Using Small Molecule Probes To Study The Biological Functions Of Cd38
CD38 gene knockout studies in mice have identified physiological functions including insulin secretion, susceptibility to bacterial infection caused by loss of neutrophil chemotaxis, and social behavior through modulating neuronal oxytocin secretion. These physiological functions are explained by its NAD-degrading enzymatic activity and transmembrane signaling activity. Despite the large amount of literature on CD38, there still exists fundamental questions. Developing chemical tools to address these questions is the goal of my thesis research. Most notable is the previously reported link between CD38 robust hydrolysis of NAD and the intracellular localization that would cause regulation of intracellular NAD and affect other NAD-dependent enzymes. Consequently, whether CD38 is intracellular and regulating NAD deserves careful investigation. Development and usage of a cell permeable, fluorescent small molecule probe (SR101-F-araNMN) that covalently labels CD38 in cells and reveals CD38 intracellular localization indicated that CD38 is predominantly on the plasma membrane with very little intracellular present in Raji and retinoic acid treated HL-60 cell lines. The discovery in these two human cancer cell lines suggests the major enzymatic function of CD38 is to hydrolyze extracellular NAD rather than intracellular NAD. Further, CD38 has a single transmembrane domain with a short cytoplasmic tail and has a role in activating mitogen activated protein kinase (MAPK) signaling that is important for cellular differentiation induced by retinoic acid. However, the question remains as to how CD38 induces MAPK signaling. Development of dimeric small molecule probes that can dimerize two cell surface CD38 molecules allowed for investigation of whether dimerization of CD38 is sufficient to induce MAPK signaling. Finally, since CD38 is highly expressed in hematologic cancers, a novel approach using an antibody-recruiting small molecule (ARM) that can covalently and specifically label CD38 was used to target CD38-overexpressing cancer cells. As part of an integral three-body complex - CD38, ARM and antibody - capable of enacting immune-effector cells for target cell cytotoxicity, the ARM molecule showed a 2.5 fold increase in target cell cytotoxicity. Through employment of a chemical biology approach, my work contributed to elucidation of the mechanisms of CD38 function and increased knowledge of CD38 function in various normal and pathological conditions.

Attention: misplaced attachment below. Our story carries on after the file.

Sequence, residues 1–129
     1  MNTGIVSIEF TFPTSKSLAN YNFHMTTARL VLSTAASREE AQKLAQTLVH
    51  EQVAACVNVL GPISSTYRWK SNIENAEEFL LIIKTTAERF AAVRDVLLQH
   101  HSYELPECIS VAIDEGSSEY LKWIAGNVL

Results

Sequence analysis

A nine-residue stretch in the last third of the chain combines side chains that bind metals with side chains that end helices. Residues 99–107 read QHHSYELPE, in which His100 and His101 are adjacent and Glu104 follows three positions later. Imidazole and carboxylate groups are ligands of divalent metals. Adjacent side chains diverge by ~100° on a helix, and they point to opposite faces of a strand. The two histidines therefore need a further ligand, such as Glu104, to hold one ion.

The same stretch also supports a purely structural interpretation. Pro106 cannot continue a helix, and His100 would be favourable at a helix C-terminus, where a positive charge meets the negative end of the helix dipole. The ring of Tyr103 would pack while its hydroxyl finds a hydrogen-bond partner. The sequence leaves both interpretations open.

CD38; Cellular localization; Antibody recruiting small molecule
Ganem, Bruce; Yen, Andrew
Chemistry and Chemical Biology
Ph.D. of Chemistry and Chemical Biology
Doctor of Philosophy
dissertation or thesis